The teaching of Christ is more excellent than all the advice of the saints, and he who
    has His spirit will find in it a hidden manna. Now, there are many who hear the Gospel often
    but care little for it because they have not the spirit of Christ. Yet whoever wishes to understand
    fully the words of Christ must try to pattern his whole life on that of Christ.

    What good does it do to speak learnedly about the Trinity if, lacking humility, you
    displease the Trinity? Indeed it is not learning that makes a man holy and just, but a virtuous
    life makes him pleasing to God. I would rather feel contrition than know how to define it.
    For what would it profit us to know the whole Bible by heart and the principles of all the
    philosophers if we live without grace and the love of God? Vanity of vanities and all is vanity,
    except to love God and serve Him alone.

    This is the greatest wisdom—to seek the kingdom of heaven through contempt of the
    world. It is vanity, therefore, to seek and trust in riches that perish. It is vanity also to court
    honor and to be puffed up with pride. It is vanity to follow the lusts of the body and to desire
    things for which severe punishment later must come. It is vanity to wish for long life and
    to care little about a well-spent life. It is vanity to be concerned with the present only and
    not to make provision for things to come. It is vanity to love what passes quickly and not
    to look ahead where eternal joy abides.
    Often recall the proverb: “The eye is not satisfied with seeing nor the ear filled with
    hearing.”1 Try, moreover, to turn your heart from the love of things visible and bring
    yourself to things invisible. For they who follow their own evil passions stain their consciences
    and lose the grace of God.

    October 14, 2012 at 3:51 pm |
  4. Kindness

    Kindness
    kindness
    This is my experience... Thank you.

    MY personal testimony.
    A thought to consider without an ego response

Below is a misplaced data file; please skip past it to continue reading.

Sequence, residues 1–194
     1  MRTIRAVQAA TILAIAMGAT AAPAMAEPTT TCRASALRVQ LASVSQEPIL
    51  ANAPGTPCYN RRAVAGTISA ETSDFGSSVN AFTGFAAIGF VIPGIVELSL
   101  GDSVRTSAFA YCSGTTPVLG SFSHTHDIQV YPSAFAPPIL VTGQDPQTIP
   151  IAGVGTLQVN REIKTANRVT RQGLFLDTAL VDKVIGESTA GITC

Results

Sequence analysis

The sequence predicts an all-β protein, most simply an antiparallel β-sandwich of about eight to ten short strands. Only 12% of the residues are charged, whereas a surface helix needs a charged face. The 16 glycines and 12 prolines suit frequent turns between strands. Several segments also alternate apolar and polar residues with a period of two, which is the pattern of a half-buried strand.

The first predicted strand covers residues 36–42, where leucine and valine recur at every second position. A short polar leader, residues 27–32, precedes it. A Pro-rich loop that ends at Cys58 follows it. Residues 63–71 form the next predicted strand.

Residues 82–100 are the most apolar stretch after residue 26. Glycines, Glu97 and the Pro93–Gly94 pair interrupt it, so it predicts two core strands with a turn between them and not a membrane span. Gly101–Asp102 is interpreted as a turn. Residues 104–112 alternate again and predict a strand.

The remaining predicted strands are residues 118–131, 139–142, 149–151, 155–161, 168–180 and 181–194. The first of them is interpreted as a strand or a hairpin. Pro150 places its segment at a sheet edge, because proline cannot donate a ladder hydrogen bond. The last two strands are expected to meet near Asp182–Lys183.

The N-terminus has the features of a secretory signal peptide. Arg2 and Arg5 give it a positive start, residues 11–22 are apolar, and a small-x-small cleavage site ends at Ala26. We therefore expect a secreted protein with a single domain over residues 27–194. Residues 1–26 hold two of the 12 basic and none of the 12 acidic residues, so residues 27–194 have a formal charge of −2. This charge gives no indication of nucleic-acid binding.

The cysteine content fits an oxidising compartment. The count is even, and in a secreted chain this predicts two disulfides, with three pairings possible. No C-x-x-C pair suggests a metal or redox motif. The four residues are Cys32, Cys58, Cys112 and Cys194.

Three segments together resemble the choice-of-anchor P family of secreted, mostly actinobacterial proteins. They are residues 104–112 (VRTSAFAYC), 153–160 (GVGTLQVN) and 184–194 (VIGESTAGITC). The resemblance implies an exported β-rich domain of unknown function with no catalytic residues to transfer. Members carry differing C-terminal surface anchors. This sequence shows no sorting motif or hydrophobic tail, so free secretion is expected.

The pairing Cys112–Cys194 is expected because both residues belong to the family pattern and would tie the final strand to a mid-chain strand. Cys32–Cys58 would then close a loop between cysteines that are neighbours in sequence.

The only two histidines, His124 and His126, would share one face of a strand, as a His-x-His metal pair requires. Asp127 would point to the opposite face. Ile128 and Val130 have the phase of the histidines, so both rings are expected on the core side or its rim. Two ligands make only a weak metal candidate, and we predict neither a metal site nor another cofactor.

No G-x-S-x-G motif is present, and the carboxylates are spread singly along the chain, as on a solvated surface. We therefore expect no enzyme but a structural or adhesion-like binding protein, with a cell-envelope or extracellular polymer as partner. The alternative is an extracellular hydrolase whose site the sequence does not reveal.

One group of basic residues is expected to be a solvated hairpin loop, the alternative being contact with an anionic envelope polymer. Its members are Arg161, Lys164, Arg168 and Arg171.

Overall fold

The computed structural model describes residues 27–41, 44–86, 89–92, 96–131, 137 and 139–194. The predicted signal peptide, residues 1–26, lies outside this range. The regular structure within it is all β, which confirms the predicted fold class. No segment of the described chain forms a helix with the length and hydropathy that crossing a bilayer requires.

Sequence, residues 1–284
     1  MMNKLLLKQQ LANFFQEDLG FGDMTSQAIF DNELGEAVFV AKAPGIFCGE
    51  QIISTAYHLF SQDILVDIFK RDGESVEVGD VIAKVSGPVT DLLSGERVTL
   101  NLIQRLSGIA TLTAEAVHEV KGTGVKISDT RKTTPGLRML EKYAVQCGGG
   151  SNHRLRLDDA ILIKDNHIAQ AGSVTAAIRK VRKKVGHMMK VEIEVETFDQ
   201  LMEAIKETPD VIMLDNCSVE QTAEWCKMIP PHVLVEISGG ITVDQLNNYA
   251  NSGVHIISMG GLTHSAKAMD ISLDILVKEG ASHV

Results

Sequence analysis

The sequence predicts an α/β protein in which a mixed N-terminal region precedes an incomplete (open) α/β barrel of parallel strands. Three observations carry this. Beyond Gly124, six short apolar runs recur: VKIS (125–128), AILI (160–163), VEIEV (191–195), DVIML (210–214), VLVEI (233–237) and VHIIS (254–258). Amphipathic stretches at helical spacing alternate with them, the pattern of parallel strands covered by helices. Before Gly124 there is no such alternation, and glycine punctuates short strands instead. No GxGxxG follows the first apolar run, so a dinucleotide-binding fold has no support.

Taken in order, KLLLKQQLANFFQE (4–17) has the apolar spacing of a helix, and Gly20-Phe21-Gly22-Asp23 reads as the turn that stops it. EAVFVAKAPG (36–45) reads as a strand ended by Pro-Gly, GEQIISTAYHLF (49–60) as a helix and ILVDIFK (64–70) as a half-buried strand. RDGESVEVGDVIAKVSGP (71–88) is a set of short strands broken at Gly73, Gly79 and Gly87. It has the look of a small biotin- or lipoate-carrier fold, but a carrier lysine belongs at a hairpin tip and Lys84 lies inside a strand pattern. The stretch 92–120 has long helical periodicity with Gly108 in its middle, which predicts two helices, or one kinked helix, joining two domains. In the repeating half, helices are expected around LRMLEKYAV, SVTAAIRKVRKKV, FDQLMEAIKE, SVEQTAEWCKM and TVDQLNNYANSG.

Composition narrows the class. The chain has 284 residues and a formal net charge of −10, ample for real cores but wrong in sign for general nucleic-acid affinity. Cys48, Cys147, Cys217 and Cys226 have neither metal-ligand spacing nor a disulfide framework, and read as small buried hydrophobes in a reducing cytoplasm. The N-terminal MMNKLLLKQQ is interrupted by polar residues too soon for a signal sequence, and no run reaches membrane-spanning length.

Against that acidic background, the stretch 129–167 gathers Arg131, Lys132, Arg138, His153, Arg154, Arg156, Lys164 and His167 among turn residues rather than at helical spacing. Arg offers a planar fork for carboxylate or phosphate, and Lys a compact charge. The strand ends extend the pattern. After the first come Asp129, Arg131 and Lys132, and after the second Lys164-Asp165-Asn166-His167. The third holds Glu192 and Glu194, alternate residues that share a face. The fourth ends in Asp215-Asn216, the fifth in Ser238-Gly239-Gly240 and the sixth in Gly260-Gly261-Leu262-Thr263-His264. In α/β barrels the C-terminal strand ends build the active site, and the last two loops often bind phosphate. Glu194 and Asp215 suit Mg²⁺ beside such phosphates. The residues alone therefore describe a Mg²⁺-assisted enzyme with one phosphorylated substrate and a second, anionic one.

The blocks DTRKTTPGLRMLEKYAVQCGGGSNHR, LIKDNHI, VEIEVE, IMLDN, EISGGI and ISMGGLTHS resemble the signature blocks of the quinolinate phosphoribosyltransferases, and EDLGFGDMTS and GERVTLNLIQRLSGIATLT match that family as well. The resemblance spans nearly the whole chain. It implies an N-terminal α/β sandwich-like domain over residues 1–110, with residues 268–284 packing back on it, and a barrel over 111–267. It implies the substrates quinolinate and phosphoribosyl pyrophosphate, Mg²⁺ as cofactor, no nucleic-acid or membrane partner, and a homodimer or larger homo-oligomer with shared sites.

I Accepted Jesus christ as my lord and saviour. You never know how soon is too late. Transcend the worldly illusion of enslavement.
    The world denounces truth....

    Accepting Jesus Christ (for me) resulted in something like seeng a new colour. You will see it .....but will not be able to clearly explain it to anyone else..... Its meant to be that way to transend any selfism within you.

    Also... much the world arranges "surrounding dark matter into something to be debated" in such a way that protects/inflates the ego.

    The key is be present and transcend our own desire to physically see evidence. We don't know anyways by defending our own perception of dark matter.

    Currently.... most of us are constructing our own path that suits our sin lifestyle. Were all sinners. Knowing that we are is often an issue. But both christians and non are sinners. Even once we are saved by christs merciful grace we will still experience adversity to mold us to adhering to the truth.
    We will slip... But not fall of the ship ...carrying us onward to perfection in christs grace.

    We don't like to Let go and let god. We want control to some degree. This is what Jesus asks us to do. "Follow me".
    It's the hardest thing to do... but is done by letting the truth of scripture lead you (redemptive revelation)... as I said .

    Try reading corinthians and see if it makes sense to you. Try it without a pre conceived notion of it being a fairy tale.
    See the truth...
    do we do what it says in todays society... is it relevant... so many have not recently read and only hinge their philosophy on what they have heard from some other person...which may have been full of arogance pride or vanity..

    Look closely at the economy ponzi, look at how society idolizes Lust , greed , envy, sloth, pride of life, desire for knowledge, desire for power, desire for revencge,gluttony with food etc .